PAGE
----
After serving in the Trump administration for four years, former Treasury secretary Steven Mnuchin is keeping his distance from the former president and his campaign, according to people familiar with the matter.
“Mnuchin has not been in the room,” said Stephen Moore, a conservative economist who is advising Trump. “I don’t know if it’s Mnuchin being done, or maybe there was a falling out between the two.”
Mnuchin was one of Trump’s most loyal Cabinet secretaries and an architect of the administration’s tax cut plan. But so far in the 2024 race, Mnuchin has not been involved in calls or meetings between Trump and the former president’s economic advisors.
Those advising Trump on economic policies include Larry Kudlow, an anchor at Fox Business and the former director of the National Economic Council, and Bob Lighthizer, former United States Trade Representative during Trump’s first term in office, NBC News reported.
Mnuchin’s absence means Trump is without a trusted advisor and a steady hand who played a key role in his first campaign for president, and later implemented some of Trump’s most popular policies.
Now, Trump’s campaign is eager to highlight these policies to remind voters of the “Trump economy,” an era of tax cuts and low inflation, and to draw a sharp contrast with President Joe Biden’s first term.
A person close to Mnuchin who was granted anonymity in order to recount private conversations, said Mnuchin supports Trump’s 2024 run for president. But they did not know whether that support would translate into actively helping Trump in the primary or the general election.
Over the years, Trump has benefited from more than just Mnuchin’s counsel.
In 2016, Mnuchin was Trump’s national finance chairman during his first run for the White House. In that role, the well connected Mnuchin tapped his networks to help the long shot candidate raise millions of dollars to take on establishment Democrat Hillary Clinton.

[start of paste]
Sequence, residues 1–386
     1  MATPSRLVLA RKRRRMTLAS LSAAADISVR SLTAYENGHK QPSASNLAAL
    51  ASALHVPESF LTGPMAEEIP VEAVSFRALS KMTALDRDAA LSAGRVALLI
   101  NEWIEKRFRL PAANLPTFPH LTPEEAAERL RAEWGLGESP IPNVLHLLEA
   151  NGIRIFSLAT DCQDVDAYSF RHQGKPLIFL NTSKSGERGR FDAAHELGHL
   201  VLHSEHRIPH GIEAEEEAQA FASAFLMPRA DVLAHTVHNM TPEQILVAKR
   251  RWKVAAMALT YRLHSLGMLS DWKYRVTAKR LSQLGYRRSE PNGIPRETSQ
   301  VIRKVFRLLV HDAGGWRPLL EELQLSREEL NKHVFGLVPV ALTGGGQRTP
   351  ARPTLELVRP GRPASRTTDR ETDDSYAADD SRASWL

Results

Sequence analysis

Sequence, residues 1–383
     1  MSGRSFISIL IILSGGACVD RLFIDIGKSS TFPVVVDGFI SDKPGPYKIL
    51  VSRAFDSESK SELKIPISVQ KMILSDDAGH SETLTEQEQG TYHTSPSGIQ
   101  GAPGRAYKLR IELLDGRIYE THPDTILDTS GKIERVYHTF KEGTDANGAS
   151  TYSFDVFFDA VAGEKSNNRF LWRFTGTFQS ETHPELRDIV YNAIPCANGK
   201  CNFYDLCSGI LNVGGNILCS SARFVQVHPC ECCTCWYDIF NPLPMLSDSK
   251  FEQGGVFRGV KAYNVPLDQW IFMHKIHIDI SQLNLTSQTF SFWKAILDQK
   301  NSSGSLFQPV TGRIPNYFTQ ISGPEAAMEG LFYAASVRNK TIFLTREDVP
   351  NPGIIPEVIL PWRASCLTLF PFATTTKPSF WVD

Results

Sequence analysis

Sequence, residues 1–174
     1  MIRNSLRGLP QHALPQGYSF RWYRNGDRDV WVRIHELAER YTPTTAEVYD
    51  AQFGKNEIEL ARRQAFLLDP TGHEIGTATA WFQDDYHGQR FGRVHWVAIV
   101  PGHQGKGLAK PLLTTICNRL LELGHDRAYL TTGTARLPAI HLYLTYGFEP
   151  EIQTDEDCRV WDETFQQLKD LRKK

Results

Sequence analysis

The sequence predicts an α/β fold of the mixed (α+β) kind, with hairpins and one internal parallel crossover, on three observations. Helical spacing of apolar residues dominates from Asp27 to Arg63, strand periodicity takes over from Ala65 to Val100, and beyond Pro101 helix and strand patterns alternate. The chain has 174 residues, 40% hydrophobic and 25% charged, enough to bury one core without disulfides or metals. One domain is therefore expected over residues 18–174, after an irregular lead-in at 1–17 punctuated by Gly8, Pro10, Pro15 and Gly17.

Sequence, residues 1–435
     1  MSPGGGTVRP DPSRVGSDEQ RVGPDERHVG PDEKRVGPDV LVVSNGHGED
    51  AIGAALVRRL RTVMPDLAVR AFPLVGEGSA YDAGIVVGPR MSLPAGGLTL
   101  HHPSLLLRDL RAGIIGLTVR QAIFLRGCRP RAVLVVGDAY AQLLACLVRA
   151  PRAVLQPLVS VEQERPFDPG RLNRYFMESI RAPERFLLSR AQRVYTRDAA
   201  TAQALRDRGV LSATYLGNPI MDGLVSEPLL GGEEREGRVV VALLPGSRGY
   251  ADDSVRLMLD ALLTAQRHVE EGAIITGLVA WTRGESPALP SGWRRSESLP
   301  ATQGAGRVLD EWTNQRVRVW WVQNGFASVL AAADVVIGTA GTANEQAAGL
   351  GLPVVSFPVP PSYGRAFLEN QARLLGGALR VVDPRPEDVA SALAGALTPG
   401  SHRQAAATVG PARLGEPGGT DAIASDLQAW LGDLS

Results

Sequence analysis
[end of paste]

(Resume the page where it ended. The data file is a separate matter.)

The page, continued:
For now, Mnuchin’s private equity firm, Liberty Strategic Capital, takes up most of his time, people close to the former secretary told CNBC. The firm raises money from sovereign wealth funds in the Middle East.
Press representatives for Trump and Mnuchin did not return a request for comment.
Mnuchin was reportedly furious with Trump after the Jan. 6, 2021 attack on the Capitol, and he privately fumed over how long it took Trump to finally address his supporters as they ransacked the Capitol, according to The Washington Post.
Mnuchin later told a House select committee that he and Secretary of State Mike Pompeo spoke that day about invoking the 25th Amendment, to force Trump from office and allow Vice President Mike Pence to take his place.
“It [the 25th Amendment] came up very briefly in our conversation. We both believed that the best outcome was a normal transition of power, which was working, and neither one of us contemplated in any serious format the 25th Amendment,” Mnuchin told the committee.
Just as other Republicans did in the weeks after the attack, Mnuchin publicly condemned the violence but did not personally criticize Trump.
Mnuchin’s situation mirrors that of many Trump Cabinet officials who have quietly kept their distance from the former president, since he left office in 2021.
Former National Economic Council director Gary Cohn and former Commerce Secretary Wilbur Ross have each been involved with the 2024 election but have notably not taken on Trump. NBC News contacted 44 Trump White House officials last year. Of the 44, only four said he should be reelected.
Cohn has helped raise money for the presidential campaigns of former U.S. ambassador to the United Nations Nikki Haley and Sen. Tim Scott, R-S.C., two of Trump’s Republican primary rivals. Haley has been surging into distant second place behind Trump with the Iowa caucus scheduled for Jan. 15, according to a Real Clear Politics polling average.
Scott dropped out of the race for president late last year.
Ross has also stayed involved with politics since the start of the 2024 election but has remained noncritical of Trump. Ross hosted a fundraiser for Virginia Gov. Glenn Youngkin, who at the time was not ruling out running for president in the Republican primary.
Youngkin told CNBC in a recent interview that he would support Trump if he became the 2024 Republican nominee for president.